The whole issue of booze and professional sport has become a touchy one in these righteous times, as Bode Miller found out. Apparently, a person who dives headfirst down an icy cliff wearing a spandex jumpsuit is supposed to celebrate with a nice glass of tea. We all know when one drinks tea, one must extend one’s pinky finger. Bode drank the Long Island version and extended the wrong finger, that’s all. Personally, I thought he was refreshingly brisk, eccentric, and just plain different. But these days a jock with a tendency to celebrate needs to be doing post-career laps on the media circuit before he pulls the trigger of truth. That way he’s not a bad person, just a colorful character. Sorry, but that’s bollocks — and this is one of those rare occasions when I know what I’m talking about, trust me.
Why do many people believe that today’s athletes have less character than those of the past? Think Mickey Mantle, Joe Namath, Wilt Chamberlain. Answer: It’s not the jocks — it’s the journalists. In those days writers traveled, stayed and frequently got wrecked with the players. They had a vested interest in each other’s occupations. There was an unspoken code: The pencil-squeezer didn’t rat the player out, period. The scoop was never worth the price of the relationship with an athlete. I don’t know when it started to change, but journalists today face much greater pressure from editors, who in turn answer to media moguls hellbent on satiating our appetite for scandal. Upside: Juiced ball players and ‘roidally enraged wife beaters are exposed. Downside: We’ve traded in the chance to know what the rest of the characters really think, and who they really are.
Mind you, I was one of your golfers with a tendency to celebrate. I never knew Jimmy Demaret, but I bet I would have loved him. In 1962 he was playing the Crosby at Pebble Beach when he flung open the drapes to find a blanket of snow on the ground, at which point Demaret said, “I know I got loaded last night, but how the hell did I end up in Squaw Valley?” Imagine Ernie Els going with that line today? One of my favorite people, Tom Weiskop-with-a-lowercase-f, is a founding member of the hangover hall of fame. (The fact Tom isn’t in the real one indicates the wrong people vote.)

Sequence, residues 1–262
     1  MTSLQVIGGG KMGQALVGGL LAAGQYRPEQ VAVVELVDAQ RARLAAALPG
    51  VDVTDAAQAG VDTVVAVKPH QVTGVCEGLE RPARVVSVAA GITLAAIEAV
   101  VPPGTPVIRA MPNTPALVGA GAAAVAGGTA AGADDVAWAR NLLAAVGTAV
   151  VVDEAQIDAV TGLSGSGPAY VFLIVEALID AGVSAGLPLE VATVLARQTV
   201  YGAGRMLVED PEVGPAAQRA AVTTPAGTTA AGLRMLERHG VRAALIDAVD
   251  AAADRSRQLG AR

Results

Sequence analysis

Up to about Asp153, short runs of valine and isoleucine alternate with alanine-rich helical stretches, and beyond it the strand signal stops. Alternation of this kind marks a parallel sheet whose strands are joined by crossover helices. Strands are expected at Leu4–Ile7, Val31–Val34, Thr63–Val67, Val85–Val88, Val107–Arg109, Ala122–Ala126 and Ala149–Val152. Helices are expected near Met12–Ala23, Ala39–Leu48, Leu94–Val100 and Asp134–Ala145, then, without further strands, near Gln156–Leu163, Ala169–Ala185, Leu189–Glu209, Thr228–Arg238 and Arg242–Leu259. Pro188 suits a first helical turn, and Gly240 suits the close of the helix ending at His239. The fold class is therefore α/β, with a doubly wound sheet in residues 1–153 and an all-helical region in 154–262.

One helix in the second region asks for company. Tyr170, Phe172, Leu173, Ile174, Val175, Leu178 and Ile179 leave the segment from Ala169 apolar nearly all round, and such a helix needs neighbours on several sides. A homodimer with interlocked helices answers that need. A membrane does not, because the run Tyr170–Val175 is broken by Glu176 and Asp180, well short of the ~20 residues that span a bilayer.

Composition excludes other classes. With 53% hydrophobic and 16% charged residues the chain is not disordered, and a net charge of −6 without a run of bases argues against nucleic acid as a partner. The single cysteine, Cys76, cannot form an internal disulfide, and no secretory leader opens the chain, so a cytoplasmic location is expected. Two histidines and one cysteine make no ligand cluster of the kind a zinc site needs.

In his waaay-heyday, Saint Tom of Columbus would have a few (hundred) drinks and go to bed feeling fine, but of course he’d feel like a bag of crap when he woke up. The big T concluded his problem wasn’t the electric soup, it was the sleep, so with beautifully simple logic rivaled only by his swing, he chose to stop sleeping. Bert Yancey once said that the greatest rounds of golf he ever witnessed were 71s and 72s from Tom Weiskopf. But one year at the Tournament Players Championship in the 1970s, Tom went drinking with Edgar Sneed and the great writer Dan Jenkins, both of who baled out around two o’clock in the morning. Tom forged on through the night. Early next morning he blundered through the first two holes with a pair of 6s. Before he hit his tee shot on the third, he called for a ruling. PGA Tour official Eddie Griffiths was stunned when Tom claimed he couldn’t go on unless Eddie brought him an egg sandwich, a vanilla milkshake and three aspirin. Eddie, stout man that he was, had the remedy by the time Tom reached the green, and Tom went on to make nine birdies in the last 15 to shoot 66. When Dan and Ed went to the scoreboard to see what Tom had shot, Jenkins declared that it was “the greatest round of golf ever played by a dead man.”
We’re talking about trying to get a ball in a hole, or sliding down an icy hill on a pair of planks — games. And people who like games often like a drink afterward. For Tom Weiskopf, the only life or death involved was his own, and he hasn’t had a drink since Jan. 2, 2000.
How many times has an innocent man been sent down because Jack Daniel’s was a witness that only a hungover judge could hear? Call me oldfashioned, but that judge is the real bad example. If Bode Miller and Tom Weiskopf, are bad influences too, then I’m registering as an offender at the nearest police station. Keep your kids away from me, neighbor, because I was a bad example to those guys you think are bad examples today.